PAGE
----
In the past 96 hours and counting, the country‘s attention has been focused on issues surrounding the abrogation of the contract between the Government of Ghana and the Power Distribution Services (PDS).
The brouhaha has dominated the headlines in the print, electronic and social media, bringing the name of the country into international limelight.
The discussions on PDS have attracted mixed comments from the political divide and civil society, either side stating its stance on the move by the government to take such a delicate decision to abrogate a sensitive contract.
Since the announcement of the government’s intention to sever contractual relations with PDS, the United States government, which backed the need for the country to allow private sector participation in the energy distribution sector, has withdrawn its support to the tune of $190 million, as pledged under the Millennium Challenge Account (MCA) Compact II.
It sounds strange to many that the US will condone irregularities in any contract in which it has interest, but the government has indicated that it has discovered a significant number of contractual breaches in the deal with PDS, for which reason it can no longer allow the contract to hold.
Gauging the mood and opinions of the public, the Daily Graphic has observed that, for once, even the biggest opposition party and prominent civil society organisations side with the action taken by the government to end the contract with PDS.
We find the decision by the government bold and refreshing, even in the face of pressure from the US for it to reverse that decision.
Many a government would have succumbed to that pressure because of the grant thrown at it, a situation which could easily have spelt doom for the country in the long run.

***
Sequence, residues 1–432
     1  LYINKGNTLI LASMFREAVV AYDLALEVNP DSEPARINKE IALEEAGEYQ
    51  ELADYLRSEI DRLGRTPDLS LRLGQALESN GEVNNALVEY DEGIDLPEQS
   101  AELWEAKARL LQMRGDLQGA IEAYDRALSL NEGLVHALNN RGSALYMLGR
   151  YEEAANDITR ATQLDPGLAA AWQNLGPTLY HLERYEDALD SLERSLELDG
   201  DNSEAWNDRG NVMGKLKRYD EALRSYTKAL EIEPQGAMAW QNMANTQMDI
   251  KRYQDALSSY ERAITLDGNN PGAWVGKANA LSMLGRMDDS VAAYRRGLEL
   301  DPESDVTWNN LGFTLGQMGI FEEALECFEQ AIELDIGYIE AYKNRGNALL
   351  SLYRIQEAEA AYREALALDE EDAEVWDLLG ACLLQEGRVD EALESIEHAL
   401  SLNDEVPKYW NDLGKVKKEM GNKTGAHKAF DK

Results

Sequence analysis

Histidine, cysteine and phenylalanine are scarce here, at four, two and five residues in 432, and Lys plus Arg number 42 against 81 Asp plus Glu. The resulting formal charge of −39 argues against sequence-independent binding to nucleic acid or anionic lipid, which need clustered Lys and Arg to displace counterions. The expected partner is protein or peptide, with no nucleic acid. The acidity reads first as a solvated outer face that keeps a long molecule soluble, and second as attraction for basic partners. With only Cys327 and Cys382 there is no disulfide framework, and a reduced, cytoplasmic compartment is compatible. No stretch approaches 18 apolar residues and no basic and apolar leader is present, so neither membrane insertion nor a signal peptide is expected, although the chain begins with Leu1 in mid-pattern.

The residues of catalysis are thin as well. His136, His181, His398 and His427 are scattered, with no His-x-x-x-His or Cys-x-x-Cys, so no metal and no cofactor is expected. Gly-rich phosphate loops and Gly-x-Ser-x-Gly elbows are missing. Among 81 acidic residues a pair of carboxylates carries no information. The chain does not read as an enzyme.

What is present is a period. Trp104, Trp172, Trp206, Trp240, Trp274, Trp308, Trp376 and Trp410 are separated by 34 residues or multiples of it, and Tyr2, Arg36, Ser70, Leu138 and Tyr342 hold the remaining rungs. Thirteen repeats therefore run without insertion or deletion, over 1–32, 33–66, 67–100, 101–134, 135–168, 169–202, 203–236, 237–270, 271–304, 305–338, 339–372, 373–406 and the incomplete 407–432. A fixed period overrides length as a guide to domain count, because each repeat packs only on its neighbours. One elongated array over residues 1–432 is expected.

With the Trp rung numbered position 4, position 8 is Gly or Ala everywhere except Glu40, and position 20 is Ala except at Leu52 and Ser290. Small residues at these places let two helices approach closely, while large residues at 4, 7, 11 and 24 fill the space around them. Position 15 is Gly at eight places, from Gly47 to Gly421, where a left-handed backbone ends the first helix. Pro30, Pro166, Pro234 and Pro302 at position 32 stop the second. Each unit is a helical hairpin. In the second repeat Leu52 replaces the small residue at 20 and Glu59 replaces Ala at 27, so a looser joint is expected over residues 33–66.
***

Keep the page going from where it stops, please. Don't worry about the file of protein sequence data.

It is our hope that the government did all it takes to properly evaluate and conduct thorough due diligence into the contract and identified significant breaches that do not make it comfortable to risk the over $3-billion assets of a very prominent state institution.
The paper is aware that the Electricity Company of Ghana (ECG) has been made to take over the assets of the company and run it until a new concessionaire is found to take over.
While that process is about to begin, we would want to sound a caution to the management of the ECG not to do anything to reverse the gains made under the previous administration, particularly with regard to revenue generation and ensuring efficiency in the running of the business.
The very acts of mismanagement, misapplication of funds, inefficiencies, among many other lapses, should be things of the past for good.
We are also aware that the decision taken by the government will come with many repercussions and consequences which, if not properly addressed, can create more problems for the state.
It is against this background that we would want to entreat all and sundry to stand firm with the government in these trying times and in its quest to protect a key state asset.
We are mindful of the pledge by the President to ensure that all state force is used to protect national assets.
As a nation, there are some critical issues which do not deserve politicisation because doing so can affect decisions that could have meant good for all.
Again, we would want the very bitter experiences in this deal to serve as a big learning curve to our governments to ensure that in the future they carry out due diligence on every contract before it is sealed.
Failure to do so will result in ‘firefighting’, which can have grievous consequences on us all. As the US said, the sanctity of contracts is crucial and the government must not lose sight of that fact in the future.
It is our expectation that frantic efforts will be made in due course to find a credible replacement for PDS to end this rather regrettable chapter in the annals of our dear country.